Knowing that you are probably all up at night worrying about this, here is why, if you are a person who buys, cooks, and eats sweet potatoes, the quality has not been very good for the past couple of weeks.
Sweet potatoes are harvested in the south (Louisiana to NC) from early/mid August til about now. When first harvested, they are called “green” sweet potatoes, meaning they have not yet been cured (they look the same on the outside to you and me, but a southern farmer and extension agent can tell the difference by looking at them). Curing takes 6-8 weeks, during which time the high heat and high humidity of the special sweet potato curing houses urges the starch to turn to sugar, resulting in the juicy sweetness we are all familiar with around Thanksgiving.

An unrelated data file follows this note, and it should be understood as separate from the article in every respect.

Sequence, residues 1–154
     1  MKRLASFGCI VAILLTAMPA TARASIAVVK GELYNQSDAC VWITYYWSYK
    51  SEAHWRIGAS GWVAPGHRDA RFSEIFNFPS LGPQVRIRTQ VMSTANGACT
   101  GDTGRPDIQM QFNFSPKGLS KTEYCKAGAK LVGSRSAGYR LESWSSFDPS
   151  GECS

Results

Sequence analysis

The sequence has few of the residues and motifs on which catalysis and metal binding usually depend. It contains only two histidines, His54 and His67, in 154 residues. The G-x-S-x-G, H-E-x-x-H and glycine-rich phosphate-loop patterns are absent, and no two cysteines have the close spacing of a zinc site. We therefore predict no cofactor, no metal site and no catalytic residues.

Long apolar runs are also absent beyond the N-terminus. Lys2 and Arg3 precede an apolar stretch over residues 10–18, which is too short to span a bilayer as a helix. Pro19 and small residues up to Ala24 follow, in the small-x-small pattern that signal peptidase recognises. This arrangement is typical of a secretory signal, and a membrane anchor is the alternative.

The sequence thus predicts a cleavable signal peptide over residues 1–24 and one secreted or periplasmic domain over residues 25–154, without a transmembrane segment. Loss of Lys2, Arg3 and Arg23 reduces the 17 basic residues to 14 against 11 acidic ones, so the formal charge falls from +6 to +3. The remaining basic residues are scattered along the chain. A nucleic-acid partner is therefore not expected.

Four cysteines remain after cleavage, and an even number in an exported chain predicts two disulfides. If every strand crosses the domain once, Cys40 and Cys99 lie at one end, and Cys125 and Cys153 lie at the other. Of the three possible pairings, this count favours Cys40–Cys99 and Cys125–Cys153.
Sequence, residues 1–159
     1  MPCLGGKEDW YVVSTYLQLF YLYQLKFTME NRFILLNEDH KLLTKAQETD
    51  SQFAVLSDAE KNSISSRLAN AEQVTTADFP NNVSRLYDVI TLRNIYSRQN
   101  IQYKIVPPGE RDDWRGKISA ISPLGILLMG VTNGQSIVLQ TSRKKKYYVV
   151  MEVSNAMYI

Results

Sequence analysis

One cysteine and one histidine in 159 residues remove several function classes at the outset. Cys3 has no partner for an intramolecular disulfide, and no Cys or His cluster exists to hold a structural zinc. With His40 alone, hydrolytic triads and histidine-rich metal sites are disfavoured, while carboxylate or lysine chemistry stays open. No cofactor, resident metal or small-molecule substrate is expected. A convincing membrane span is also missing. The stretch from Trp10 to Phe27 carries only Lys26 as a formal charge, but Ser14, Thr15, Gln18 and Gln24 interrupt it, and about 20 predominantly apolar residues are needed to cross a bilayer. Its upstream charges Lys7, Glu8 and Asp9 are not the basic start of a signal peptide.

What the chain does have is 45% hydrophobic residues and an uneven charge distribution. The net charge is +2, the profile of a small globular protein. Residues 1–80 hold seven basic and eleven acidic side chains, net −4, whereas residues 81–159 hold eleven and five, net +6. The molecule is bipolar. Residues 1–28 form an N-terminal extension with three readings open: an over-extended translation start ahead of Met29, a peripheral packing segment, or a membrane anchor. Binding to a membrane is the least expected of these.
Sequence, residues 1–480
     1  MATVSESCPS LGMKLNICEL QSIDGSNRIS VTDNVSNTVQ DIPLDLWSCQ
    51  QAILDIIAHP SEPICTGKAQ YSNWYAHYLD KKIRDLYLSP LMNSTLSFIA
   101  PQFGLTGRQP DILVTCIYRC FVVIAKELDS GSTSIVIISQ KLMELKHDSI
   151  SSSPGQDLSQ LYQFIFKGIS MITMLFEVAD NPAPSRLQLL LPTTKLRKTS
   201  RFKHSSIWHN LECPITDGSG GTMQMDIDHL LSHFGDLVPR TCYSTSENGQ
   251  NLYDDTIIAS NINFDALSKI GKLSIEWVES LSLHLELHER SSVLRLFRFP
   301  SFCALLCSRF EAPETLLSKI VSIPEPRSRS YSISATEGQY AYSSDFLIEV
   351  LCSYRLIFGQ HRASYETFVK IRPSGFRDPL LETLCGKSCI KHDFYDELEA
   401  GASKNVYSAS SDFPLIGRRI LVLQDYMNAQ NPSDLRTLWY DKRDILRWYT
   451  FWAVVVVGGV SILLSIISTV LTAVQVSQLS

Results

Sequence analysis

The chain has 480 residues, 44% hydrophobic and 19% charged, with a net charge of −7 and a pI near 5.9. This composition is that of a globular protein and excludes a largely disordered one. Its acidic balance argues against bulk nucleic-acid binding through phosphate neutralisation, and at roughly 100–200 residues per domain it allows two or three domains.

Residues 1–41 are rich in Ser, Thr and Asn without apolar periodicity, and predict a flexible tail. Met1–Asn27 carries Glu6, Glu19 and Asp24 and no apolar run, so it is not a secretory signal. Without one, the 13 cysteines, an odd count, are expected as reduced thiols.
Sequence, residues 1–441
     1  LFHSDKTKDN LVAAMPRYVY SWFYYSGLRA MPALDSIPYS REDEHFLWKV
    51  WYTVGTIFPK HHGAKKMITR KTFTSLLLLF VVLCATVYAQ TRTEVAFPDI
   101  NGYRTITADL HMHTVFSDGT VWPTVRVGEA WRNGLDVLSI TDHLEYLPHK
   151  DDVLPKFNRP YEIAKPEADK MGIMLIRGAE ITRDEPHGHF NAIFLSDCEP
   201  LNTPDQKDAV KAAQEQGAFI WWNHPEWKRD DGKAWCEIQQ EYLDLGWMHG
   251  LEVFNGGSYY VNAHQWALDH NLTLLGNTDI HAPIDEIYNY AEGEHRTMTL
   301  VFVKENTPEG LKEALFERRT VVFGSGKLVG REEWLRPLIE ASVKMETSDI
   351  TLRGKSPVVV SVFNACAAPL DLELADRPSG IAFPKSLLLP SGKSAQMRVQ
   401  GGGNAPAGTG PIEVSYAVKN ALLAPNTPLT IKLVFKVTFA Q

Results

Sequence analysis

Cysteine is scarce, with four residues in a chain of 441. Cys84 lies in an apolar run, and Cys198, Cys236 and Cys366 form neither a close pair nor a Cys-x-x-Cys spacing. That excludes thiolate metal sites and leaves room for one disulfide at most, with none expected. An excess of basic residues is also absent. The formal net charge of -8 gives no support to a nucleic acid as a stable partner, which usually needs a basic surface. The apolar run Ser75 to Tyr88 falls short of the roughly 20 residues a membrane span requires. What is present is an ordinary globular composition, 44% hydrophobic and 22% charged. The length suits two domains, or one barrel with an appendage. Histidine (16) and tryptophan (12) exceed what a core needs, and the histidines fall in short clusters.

Well, because of last year’s sweet potato shortage, the new crop of yams are being sold sooner than usual – usually we would still be eating the last of last year’s storage crop for another week or two, while the new crop cures. Last year’s shortage means the pretty, lovely, new yams are sold instead. This sounds great, but those pretty, green ones can also be tasteless, dry, pasty, and even inedible. In the south, this uncured yam is generally used for animal feeds, rather than human food. They aren’t necessarily terrible, just not delicious, like we are used to.
I am grateful I able to get other grades of yams that are moist and flavorful, for my foods, but you can’t find those in stores.
Happily, this should all come to end this week, or next, or the next, as the cured sweets make it to market, in plenty of time for your holiday enjoyment.
Believe it or not, I love to hear your stories about using sweet potatoes (another time we can talk about the “sweet potato”/”yam” debate). Please e-mail me and let me know how the crop goes for you. Even better, post it on my facebook page to share it with hundreds of others who are interested, too.